I have to confess to you that I really totally hate your advice. 😊
Sure, if you give me advice, I’ve been trained to smile and say, “Thank you.” I’ll also react by telling you, as I have been told, that I can’t get better without advice from others.
But that’s not really how I feel.
In my heart of hearts, when you begin by telling me you’d “like to give me a little friendly advice,” I think I’m a soldier in Afghanistan about to be killed by your “friendly fire.” My first reaction is to run for cover to escape the attack from someone I had thought was on my side.
My West Texas relatives—who raised me—were not high on any kind of advice.
They would describe your faults in great detail behind your back—too lazy, too loud, too quiet, disobedient, mistake prone—and they would hint at them to you, or sometimes make you the subject of family shaming sessions. In my faith community, we were supposed to “confess our faults one to another.” But I can’t remember anyone ever coming up with any faults they wanted to share.
And so I have to admit that negative feedback really gets to me.
One of the ways you can hurt my feelings and make me mad at the same time is to answer the question, “How am I doing?” We seem to accept feedback on tests we take in school—most of the time we will accept test scores.
But when you criticize me on how I’m doing as a father, husband, manager, team member, communicator—how I dress or eat my soup—I can go into a downward spiral. Criticism like that touches my deepest insecurities and strikes at my greatest fears that in the end I just can’t cut it.
You may be right in what you say, but my first reaction is, “Kill the messenger!” You may be my boss or the person who holds my very future in your hands, but I want to let you know that you are in no way qualified to tell me what you have just told me.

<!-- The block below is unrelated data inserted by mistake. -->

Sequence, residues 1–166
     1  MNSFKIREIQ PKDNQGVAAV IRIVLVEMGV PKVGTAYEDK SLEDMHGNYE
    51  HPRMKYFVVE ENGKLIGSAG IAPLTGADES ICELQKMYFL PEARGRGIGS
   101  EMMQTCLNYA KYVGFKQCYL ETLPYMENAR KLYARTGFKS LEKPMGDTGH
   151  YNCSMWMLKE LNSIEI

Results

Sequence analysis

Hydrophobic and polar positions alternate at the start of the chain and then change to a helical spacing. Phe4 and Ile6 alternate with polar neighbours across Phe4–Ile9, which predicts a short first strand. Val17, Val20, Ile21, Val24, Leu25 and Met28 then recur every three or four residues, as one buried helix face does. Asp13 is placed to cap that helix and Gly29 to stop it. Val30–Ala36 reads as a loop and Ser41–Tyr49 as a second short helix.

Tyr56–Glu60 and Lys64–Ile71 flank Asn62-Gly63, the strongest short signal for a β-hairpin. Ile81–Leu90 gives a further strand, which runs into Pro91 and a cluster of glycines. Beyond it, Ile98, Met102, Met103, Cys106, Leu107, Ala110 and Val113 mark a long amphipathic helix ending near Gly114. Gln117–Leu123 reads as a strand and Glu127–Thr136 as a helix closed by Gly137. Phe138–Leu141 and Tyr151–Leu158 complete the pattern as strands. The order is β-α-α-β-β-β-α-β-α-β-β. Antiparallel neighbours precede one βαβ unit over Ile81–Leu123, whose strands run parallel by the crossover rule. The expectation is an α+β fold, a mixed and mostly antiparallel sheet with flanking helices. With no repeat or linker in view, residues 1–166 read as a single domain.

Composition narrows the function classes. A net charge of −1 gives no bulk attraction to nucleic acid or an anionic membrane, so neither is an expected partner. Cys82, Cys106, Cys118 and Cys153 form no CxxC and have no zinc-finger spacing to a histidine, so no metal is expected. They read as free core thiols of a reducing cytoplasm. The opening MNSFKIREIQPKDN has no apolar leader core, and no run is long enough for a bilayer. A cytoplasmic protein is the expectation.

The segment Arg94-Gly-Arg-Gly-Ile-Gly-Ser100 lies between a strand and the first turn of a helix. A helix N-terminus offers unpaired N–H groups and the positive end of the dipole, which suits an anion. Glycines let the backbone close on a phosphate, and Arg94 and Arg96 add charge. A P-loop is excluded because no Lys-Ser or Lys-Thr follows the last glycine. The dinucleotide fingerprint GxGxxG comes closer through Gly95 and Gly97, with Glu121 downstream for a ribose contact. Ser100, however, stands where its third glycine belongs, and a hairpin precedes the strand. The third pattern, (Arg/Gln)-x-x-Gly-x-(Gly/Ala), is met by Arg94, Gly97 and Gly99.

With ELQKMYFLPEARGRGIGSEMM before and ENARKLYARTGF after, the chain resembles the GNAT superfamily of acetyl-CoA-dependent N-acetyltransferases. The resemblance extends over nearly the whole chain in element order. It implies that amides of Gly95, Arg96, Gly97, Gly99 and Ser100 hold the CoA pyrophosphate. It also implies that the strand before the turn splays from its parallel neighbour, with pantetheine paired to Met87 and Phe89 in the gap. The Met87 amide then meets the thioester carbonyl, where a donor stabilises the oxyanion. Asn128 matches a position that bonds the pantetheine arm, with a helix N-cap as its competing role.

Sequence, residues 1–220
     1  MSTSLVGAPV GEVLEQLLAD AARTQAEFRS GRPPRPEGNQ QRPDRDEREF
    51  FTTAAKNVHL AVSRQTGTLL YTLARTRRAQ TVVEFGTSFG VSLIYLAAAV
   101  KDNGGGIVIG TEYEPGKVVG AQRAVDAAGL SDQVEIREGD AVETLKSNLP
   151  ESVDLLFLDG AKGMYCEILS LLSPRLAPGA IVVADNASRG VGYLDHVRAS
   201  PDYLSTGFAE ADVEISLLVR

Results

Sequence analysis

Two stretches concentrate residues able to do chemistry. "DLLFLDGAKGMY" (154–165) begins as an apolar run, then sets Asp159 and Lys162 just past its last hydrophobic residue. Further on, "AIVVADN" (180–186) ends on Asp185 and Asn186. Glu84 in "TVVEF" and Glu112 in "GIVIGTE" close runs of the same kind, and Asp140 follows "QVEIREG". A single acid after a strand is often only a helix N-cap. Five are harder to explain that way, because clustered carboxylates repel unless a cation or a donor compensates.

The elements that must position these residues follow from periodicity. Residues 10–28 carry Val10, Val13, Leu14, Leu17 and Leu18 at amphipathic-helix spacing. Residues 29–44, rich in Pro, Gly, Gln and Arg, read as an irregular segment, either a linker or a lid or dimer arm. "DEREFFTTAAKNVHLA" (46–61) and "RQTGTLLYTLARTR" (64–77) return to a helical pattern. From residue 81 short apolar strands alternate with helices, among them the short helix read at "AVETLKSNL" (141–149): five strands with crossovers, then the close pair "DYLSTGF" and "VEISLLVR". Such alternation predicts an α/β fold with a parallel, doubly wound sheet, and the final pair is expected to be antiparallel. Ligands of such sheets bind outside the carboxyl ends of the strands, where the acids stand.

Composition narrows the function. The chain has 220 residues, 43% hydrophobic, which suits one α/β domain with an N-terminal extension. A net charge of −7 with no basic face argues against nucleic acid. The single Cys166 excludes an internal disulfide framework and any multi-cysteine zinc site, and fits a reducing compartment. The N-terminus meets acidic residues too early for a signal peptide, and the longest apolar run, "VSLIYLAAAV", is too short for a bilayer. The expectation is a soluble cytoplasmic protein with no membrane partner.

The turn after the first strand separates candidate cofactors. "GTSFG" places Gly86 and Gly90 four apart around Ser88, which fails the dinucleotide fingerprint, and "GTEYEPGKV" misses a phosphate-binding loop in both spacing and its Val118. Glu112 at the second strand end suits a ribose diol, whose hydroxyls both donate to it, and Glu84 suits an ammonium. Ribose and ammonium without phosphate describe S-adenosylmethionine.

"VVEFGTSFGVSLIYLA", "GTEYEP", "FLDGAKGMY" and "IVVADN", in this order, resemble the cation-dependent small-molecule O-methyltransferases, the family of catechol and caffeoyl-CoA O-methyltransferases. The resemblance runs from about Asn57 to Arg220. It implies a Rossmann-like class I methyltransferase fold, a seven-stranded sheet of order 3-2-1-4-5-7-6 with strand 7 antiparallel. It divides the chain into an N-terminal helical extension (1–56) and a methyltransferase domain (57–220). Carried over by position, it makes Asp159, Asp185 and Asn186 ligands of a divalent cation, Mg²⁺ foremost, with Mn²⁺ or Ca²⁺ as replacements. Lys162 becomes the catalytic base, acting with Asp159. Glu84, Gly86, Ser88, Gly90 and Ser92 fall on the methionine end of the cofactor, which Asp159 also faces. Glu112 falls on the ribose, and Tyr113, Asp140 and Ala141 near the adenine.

I Really Do Need Effective Feedback—How Do I Do that?
So what about feedback at work?
When I hate advice is when I’m in my worst-self mode—not my best self. In my more sane self, I realize that nobody ever achieved anything worthwhile without feedback. Sports teams have coaches and symphony orchestras have directors—who are quick to point out a sour note. From surf-boarding to psychology, from music to master plumbing, the strength of your coaching will determine your strength as a professional. When you think of embarking of a new skill, the first question you want to ask is, “Who can teach me?”
Yet in the context of organizational teams we are prickly and feedback averse.
There are a few organizations that have achieved open and realtime feedback—where you can say what needs to be said to anyone at any time. There are many more organizations where leadership is so fragile and thin-skinned that saying the wrong thing about the wrong person—even when it’s quite true and necessary—will simply get you fired. The organization can be going over a cliff, but sounding the warning is more dangerous than the looming 100 hundred foot drop.
There are many who advocate totally open feedback, but I don’t think I would ever like to lead a company, or work there, where people could and did give realtime feedback and advice to anyone, on anything, anywhere in the company. A relatively small number of organizations have achieved this environment. But keeping team members’ confidence in their ability to perform is as important as any other element of company success, and that’s rarely achieved in an environment of constant critique.
How Do I Get Effective Feedback and Apply it?